Once upon a dealion

We have passed it many times.  On the right on the way, and on the left on the way back. Because of a busy schedule or bad weather, we usually drive by. This time, however, the sky was clear and we were in no rush.

How unlikely that the stones should have settled in just this way. Then I thought, improbable events are just that, in the short-term. As time lengthens, what is improbable becomes probable and even certain. I remembered the made-up term, dealion, defined as the likelihood of a perfect deal in the game of bridge. The odds against this happening are 2,235,197,406,895,366,368,301,559,999 to 1. If you could deal a bridge hand every minute, you would expect to deal that perfect hand once in every 70,877,644,815,302,079,197 years, 74 days, 3 hours, and 59.98 seconds. That’s a very long time indeed, much longer than the entire history of the planet. But, does this unfathomable degree of improbability mean that the perfect deal will never happen? No. And, who knows, perhaps it has already. Improbable means neither miraculous, or impossible, or even unlikely. Turn your thinking around just a bit and consider the vast number of highly improbable events that occur each and every second of every day.

So, what does this fatuous ramble say about my cairn? It says that my initial reaction, that the arrangement was unlikely, was thoughtless. The Ice Age, here in North America, lasted three million years. During that period, glaciers advanced and retreated across the landmass several times. Think of the many millions upon millions of tons of stone that were locked into the advancing ice and then released as the glacier retreated. Some stones settled to the ground while some settled onto others. Given the extended time horizon, I am sure that the striking arrangement you see here occurred over and over again. So, try not to think about events you believe to be rare or unusual in only that way. Try to understand how it is that seemingly miraculous events can, and do, occur all the time.

To end this post, look at the photo again and consider the right side of the upper boulder. Do you see it? I didn’t, as I lay on the ground just outside Bennington. It wasn’t until we were home, and until she looked over my shoulder, that the Ursine visage came into view. I was glad to have photographed the cairn from several angles so I can report that the striking, and fortuitous, profile was caused only by the interplay between surface detail and light, shining from just the right angle. If you look at images taken from the right (and, looking directly into its eyes) there is nothing, even remotely, resembling anything but rock.


25 thoughts on “Once upon a dealion

  1. Cross-over of genres is one post is your forte 🙂 It seems you cover more and more more different aspects in shorter and shorter posts! Amazing! Yes, I noticed it immediately, before reading the post! But I rather saw a pig, a dinosaur, or some alien life-form!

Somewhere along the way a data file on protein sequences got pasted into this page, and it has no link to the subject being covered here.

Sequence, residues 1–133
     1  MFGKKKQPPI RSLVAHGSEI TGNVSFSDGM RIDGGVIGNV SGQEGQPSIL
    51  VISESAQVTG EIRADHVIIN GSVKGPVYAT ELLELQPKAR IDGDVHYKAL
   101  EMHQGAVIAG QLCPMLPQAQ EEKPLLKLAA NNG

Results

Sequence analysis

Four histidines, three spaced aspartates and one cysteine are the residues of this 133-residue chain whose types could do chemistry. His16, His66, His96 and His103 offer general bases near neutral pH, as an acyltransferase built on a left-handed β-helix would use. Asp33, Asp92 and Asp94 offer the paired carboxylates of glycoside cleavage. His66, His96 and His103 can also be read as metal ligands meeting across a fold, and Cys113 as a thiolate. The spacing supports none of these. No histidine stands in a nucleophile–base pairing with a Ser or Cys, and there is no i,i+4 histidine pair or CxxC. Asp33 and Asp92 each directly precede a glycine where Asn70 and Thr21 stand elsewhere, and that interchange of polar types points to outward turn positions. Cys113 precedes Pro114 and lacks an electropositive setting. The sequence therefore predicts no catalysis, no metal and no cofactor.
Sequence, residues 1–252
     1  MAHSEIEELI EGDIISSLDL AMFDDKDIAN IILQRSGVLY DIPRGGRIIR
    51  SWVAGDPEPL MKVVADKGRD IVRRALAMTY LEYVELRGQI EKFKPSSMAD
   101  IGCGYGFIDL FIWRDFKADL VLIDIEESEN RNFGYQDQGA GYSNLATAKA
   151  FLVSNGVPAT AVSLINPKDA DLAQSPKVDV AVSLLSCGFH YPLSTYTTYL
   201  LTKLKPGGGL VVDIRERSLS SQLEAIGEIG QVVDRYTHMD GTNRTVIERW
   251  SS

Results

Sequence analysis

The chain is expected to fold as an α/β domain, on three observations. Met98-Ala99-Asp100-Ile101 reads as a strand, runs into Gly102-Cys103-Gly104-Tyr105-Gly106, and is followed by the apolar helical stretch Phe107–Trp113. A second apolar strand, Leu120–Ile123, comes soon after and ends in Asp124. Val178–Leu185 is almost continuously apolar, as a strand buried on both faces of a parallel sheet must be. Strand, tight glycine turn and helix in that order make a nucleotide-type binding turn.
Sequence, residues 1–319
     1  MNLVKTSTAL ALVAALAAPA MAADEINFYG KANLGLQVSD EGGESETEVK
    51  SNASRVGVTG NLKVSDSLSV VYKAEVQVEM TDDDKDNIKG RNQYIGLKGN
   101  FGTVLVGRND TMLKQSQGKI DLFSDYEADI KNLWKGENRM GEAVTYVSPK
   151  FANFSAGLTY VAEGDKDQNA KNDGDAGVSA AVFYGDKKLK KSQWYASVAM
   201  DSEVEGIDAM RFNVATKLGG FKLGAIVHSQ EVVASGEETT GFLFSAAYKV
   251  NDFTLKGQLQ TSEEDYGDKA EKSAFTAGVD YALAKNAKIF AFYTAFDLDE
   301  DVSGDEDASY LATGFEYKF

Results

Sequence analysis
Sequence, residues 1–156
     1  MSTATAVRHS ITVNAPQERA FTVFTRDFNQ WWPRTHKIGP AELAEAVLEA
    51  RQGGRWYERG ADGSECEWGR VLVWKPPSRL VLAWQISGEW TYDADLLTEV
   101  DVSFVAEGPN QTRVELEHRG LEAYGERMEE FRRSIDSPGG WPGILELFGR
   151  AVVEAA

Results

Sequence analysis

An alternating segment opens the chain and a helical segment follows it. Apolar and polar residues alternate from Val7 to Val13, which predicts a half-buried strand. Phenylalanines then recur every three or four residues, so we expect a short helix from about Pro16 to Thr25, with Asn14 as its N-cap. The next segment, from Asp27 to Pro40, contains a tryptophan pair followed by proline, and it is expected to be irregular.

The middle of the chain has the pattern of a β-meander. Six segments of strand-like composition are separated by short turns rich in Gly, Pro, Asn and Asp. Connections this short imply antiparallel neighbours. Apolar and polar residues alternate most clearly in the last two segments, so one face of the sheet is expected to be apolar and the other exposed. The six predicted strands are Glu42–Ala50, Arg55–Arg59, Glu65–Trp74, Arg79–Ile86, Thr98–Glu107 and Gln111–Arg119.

1. Each of your comments gives me a lift Elke. Really, they are very kind. I am glad that my approach is to your liking. I will always turn to your observations as a barometer of my work. Thank you.

  2. Although I agree with you 110% (just to have a little fun with Steve …I also agree that the concept of giving 110% is silly) regarding likelihood and actually happening, I don’t often buy lottery tickets. 🙂

    As Ansel said, where we stand is everything in composition. Our point of observation makes all the difference. This burl only resembles the human visage from one side of the tree … and maybe only in my mind as well. To the point … I know I have shared this video in places but not sure about here, so forgive me if I am repeating myself, but this is an awesome installation.

    PS: Sorry about the trick at the end … I had never seen that attached to this video before.

  3. Love this. I see the bear, and at least three other faces, too, two human, and one pig. Makes me think of George. She could always spot faces in images like this. 🙂 (L w/E)

    1. Are the humans to the upper left … and middle? Let us all remember George, and especially her straight-at-ya comments, observations, and (always good) advice.

  4. If I can swing the discussion briefly into algebra, let’s consider factoring (over real integers) sums of two squares. The chance that a randomly chosen sum of two squares is factorable is practically zero, yet it’s still true that there are infinitely many sums of squares that are factorable.

  5. To me it looks like a pig and reminded me of Lion Monument at Lucerne. It is rumored that because the people of the town never payed the artist for his work, he carved out the space surrounding the lion in the shape of a pig. You have to really look to see it, but it is there. The same dynamic is at work in your photo. Love it!